New playbook for #Stonetop : the Would-Be Hero.

New playbook for #Stonetop : the Would-Be Hero.

New playbook for #Stonetop : the Would-Be Hero. I’m trying some new things in this one, so feedback is particularly appreciated.

EDIT: New version posted. A lot of the conversation below might not make sense if you’re just reading this now.

Here’s the gist: this is someone who has bravery and determination, but isn’t on par with the other PCs in terms of skill.  But over the long run, they have the potential to become possibly the most effective/powerful character in the game.

To reflect that:

 – Their stat line starts worse than usual: 15 (+1), 14 (+1), 12 (+0), 11 (+0), 8 (-1), 8 (-1).  – But, they’ve got the Potential for Greatness move causes a base stat to increase (up to 16) each time they use it and roll a natural 12. (This will hopefully have the side effect of encourage the player to always be trying stuff, especially stuff they aren’t good at, because of the potential for improvement.)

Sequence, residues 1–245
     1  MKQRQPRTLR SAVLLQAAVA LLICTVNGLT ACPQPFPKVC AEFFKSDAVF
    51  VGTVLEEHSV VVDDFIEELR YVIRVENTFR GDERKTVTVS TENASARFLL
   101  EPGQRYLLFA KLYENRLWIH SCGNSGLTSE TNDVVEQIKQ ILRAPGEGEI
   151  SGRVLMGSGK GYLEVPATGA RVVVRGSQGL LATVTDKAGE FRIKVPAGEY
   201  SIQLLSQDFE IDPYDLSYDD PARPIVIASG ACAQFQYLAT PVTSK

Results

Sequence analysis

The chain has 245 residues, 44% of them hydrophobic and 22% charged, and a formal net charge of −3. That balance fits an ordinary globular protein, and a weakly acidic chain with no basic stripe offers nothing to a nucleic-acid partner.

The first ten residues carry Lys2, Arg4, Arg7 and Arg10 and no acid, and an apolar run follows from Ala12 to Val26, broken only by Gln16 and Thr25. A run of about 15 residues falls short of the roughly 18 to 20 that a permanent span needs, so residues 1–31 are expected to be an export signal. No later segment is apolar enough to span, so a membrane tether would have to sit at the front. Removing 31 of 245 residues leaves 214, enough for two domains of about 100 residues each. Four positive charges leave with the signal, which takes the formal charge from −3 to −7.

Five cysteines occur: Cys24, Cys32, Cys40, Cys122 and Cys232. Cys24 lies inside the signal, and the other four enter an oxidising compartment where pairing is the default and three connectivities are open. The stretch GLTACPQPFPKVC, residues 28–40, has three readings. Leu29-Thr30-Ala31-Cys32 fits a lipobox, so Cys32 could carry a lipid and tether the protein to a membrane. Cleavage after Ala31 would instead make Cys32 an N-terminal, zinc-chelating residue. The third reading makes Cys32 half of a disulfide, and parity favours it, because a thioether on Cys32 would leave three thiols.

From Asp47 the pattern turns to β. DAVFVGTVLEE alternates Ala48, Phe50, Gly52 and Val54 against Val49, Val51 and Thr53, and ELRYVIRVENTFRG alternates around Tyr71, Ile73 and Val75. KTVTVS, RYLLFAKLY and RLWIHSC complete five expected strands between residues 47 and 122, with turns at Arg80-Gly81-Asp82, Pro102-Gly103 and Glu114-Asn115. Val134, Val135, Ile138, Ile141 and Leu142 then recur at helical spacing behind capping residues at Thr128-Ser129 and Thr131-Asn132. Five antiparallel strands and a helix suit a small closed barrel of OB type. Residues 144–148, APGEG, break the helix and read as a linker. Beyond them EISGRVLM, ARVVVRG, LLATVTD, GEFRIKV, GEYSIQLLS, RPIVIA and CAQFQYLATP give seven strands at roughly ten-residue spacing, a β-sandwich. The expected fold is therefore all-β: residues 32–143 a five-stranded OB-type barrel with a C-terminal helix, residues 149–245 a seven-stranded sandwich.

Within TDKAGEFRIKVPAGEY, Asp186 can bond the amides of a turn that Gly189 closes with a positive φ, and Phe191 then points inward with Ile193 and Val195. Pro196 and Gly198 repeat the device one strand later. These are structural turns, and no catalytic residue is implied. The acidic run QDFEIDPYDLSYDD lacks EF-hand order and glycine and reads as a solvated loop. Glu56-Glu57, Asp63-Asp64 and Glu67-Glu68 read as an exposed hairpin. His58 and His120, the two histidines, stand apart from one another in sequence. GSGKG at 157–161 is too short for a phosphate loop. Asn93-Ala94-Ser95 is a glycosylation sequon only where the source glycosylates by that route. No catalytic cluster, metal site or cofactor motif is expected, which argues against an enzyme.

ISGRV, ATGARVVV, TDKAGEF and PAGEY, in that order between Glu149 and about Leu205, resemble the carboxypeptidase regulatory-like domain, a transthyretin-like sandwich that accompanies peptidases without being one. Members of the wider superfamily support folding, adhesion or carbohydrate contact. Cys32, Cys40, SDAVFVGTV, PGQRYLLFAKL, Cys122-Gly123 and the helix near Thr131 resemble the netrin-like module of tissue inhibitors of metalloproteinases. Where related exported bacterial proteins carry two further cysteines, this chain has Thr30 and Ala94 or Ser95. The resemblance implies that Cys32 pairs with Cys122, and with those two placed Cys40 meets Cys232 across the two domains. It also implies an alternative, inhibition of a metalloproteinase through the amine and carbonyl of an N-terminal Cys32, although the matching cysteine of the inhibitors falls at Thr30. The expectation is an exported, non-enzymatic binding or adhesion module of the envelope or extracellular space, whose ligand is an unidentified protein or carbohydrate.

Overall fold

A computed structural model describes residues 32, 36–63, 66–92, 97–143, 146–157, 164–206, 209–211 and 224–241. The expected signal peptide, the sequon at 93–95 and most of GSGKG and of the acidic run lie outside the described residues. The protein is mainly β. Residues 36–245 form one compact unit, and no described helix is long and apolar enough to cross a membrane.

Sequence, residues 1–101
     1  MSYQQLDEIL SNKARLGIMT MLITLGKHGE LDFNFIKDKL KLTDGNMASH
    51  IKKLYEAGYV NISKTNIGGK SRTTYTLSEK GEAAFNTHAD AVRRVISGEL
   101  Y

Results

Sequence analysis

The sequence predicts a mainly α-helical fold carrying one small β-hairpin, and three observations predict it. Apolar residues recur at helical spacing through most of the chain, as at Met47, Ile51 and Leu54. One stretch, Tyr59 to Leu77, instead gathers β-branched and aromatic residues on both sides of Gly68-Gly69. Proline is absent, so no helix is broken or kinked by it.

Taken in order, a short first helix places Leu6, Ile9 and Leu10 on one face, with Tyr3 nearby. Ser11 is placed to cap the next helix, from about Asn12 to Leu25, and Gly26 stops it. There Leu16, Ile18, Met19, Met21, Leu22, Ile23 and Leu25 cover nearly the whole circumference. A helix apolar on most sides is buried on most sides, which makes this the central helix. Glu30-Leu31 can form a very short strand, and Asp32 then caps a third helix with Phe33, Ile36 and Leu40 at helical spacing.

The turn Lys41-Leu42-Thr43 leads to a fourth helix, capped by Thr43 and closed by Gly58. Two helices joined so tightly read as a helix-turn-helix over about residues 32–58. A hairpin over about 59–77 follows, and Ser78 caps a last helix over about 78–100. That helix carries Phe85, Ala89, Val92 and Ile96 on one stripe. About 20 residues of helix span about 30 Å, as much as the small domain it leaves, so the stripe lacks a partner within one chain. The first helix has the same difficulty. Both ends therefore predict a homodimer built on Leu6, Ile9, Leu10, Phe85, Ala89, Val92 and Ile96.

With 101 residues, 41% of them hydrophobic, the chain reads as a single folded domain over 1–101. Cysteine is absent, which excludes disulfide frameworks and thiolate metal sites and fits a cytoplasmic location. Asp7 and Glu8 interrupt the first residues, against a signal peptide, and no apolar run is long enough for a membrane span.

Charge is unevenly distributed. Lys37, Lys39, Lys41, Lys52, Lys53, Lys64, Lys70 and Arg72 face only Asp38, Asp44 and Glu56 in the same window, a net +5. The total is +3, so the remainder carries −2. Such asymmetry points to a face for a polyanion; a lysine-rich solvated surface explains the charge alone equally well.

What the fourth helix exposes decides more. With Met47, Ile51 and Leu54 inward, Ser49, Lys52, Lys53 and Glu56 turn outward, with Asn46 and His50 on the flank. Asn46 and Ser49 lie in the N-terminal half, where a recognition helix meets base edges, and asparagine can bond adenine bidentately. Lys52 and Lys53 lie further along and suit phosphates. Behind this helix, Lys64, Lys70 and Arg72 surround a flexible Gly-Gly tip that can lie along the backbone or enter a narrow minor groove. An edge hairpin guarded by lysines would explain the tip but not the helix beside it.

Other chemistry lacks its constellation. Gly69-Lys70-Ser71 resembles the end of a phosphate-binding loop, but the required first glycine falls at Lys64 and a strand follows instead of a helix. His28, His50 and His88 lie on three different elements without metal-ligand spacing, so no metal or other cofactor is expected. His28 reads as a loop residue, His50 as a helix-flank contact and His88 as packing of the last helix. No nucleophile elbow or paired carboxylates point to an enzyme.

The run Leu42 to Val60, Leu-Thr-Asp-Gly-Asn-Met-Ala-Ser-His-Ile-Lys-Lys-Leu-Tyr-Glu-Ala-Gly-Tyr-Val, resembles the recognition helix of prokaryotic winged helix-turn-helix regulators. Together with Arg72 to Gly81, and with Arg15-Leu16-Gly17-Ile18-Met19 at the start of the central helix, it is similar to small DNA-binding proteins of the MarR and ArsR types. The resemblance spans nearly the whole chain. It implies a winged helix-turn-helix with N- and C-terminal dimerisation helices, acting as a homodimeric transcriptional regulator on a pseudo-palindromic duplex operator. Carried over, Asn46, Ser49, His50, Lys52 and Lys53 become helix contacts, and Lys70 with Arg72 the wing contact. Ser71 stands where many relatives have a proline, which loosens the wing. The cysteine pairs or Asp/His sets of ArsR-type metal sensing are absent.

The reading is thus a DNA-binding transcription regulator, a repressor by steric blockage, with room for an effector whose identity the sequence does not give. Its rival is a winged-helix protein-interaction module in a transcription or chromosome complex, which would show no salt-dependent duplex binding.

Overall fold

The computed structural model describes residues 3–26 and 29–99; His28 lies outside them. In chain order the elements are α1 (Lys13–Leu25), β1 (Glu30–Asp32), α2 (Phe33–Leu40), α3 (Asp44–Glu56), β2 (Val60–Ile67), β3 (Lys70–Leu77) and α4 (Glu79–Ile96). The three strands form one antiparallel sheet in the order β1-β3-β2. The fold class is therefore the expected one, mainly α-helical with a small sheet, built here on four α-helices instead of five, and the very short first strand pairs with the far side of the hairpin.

– Their starting available moves are all either mostly defensive or about playing off the other PCs. But most of them get replaced with moves that are (intended to be) pretty potent & powerful.

 – They’ve got the widest range of multiclass moves available to them, so they’re super flexible/customizable as they improve. My intent is that it reflects the inexperienced hero learning from everyone and everything around them.

Again, feedback is particularly welcome on this one.

36 thoughts on “New playbook for #Stonetop : the Would-Be Hero.”

  1. Specific questions I’m looking for feedback on:

    a) The name:  should it just be “The Hero?”

    b) Does this look like fun? Would you play it?

    c) Does the Potential for Greatness mechanic feel like it’ll work in general? 

    d) Would Potential for Greatness be better if the stat boost was on any 12+ roll, rather than a natural 12? (I’m torn.)

  2. I don’t generally like the idea of tying the bonus to rolls, I would prefer a less random mechanism allowing to spend holds for successes. The idea sounds fun, the name could be “Hero in training”?

  3. A. Would be hero is a great name for this

    B. It looks super fun, in fact it would be the first stonetop playbook I’d reach for

    C. Potential for greatness move works great, it makes you want to leap into danger

    D. I would keep it as is, makes rolling boxcars that much more exciting

  4. 1) Like the concept; love the name.

    2) Potential for Greatness will require testing to see if it holds up in play.